Clearly that’s not what they are saying.


    1. I truly love how the views of some person – here the tone moderators – can be rewritten to question beggingly support the views of their opponents in so unselfconsciously a fashion.


  10. My guess is the man who approached Rebecca Watson in the elevator acted on the spur of the moment. He saw what he thought was an opportunity and seized it without thinking it through. Watson did the same thing with her speech. On impulse, she seized an opportunity to make her point to a captive audience without pausing to consider whether it was appropriate in the circumstances. People do dumb things without being evil.

    The best lesson to be drawn is the value of empathy, the willingness to try and put yourself in someone else’s shoes, the willingness to ask yourself the question: “How would I feel if that happened to me?”


  11. I’m generally on PZ’s side of things on the tone wars, and think it is disanalogous for two reasons already mentioned (a) relative strength and (b) chosen and open to attack on grounds of justifiability vs unchosen and not needing any justification. The point Wilko makes that not all religious believers are in positions of strength is right too, but I think if you look at the actual practice of most of the new atheists, they tend to be sensitive to this. When was the last time you heard a new atheist mock an Australian aborigine for their religious views? The only such mocking I’m aware of came from a christian who was also on the board of a large Australian mining company.


    1. Most atheists are quite nice about another person’s religion unless it is the religion they have come out of or are faced with day to day. For example, sure, I never hear atheists mocking indigenous religion (except when, as happens in Australia, tribal men abuse young children sexually from time to time), but I hear them attacking entire religious traditions like Christianity (as if that rubric had any meaning whatsoever) or Islam (ditto). In my country and the US, Islam is a minority religion: atheist attacks upon it tend to be as nasty as anything can be. Yet I, like many people who have worked in research institutions, have met quite a number of reasonable Muslims working in science, who get shepherded into this despicable group. So I think the parallel is not so far off.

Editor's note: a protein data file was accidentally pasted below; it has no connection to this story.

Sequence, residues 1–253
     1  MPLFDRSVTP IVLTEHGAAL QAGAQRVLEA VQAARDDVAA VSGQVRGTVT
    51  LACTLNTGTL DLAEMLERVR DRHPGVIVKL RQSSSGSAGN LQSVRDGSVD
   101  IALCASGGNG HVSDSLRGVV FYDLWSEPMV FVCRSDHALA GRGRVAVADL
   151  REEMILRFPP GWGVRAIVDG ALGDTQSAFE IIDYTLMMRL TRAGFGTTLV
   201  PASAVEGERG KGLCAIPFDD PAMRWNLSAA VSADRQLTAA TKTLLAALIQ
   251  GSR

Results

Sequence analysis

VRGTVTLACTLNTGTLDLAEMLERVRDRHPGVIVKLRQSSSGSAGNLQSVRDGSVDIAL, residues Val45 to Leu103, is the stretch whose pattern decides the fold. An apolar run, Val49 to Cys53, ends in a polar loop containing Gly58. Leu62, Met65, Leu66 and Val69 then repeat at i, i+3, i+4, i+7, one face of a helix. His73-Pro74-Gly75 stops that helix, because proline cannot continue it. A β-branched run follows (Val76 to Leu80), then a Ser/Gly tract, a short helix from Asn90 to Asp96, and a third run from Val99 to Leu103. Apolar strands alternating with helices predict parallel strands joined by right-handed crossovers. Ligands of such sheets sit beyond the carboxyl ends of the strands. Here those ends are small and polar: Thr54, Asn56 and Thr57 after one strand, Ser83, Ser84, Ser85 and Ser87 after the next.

Of course, the issues facing women in a patriarchal society are going to be different to those facing minority religious views, just as one can’t directly analogise racial segregation and feminist issues either. That doesn’t mean there aren’t useful comparisons to make.


  12. Being a member of a minority ≠ being in a position of relative powerlessness (I grew up in South Africa). But more relevantly I think there is an empirical issue dividing us: my impression is that rowdy atheists tend to attack the dominant religions in their home country more than any other. My impression is that Xianity comes in for a much harder time of it from these atheists in the US than do other religions (and I think that this is more true in the US than in the UK and Australia, which has to do the brands of Xianity which have been publicly prominent in different countries).


    1. We are probably in furious agreement here. I went to an English Baptist church – the nastiest they ever got was when the tea was too cold. American-style Baptists on the other hand are anti-gay, anti-science and anti-human rights. When I was there I watched the latter take over the former.

      But I do think that anti-Islamism is over the top. The largest Islamic nation in the world is to the north of Australia, and it has a burgeoning liberal democracy and rule of law, and is increasingly secularist. It isn’t perfect, but then, on the other hand, it executes fewer people than the US does…


  13. PZ is fixating on Part I so he doesnt have to deal with Part II.

    No. I specifically dealt with “Part II” in my first post on the subject.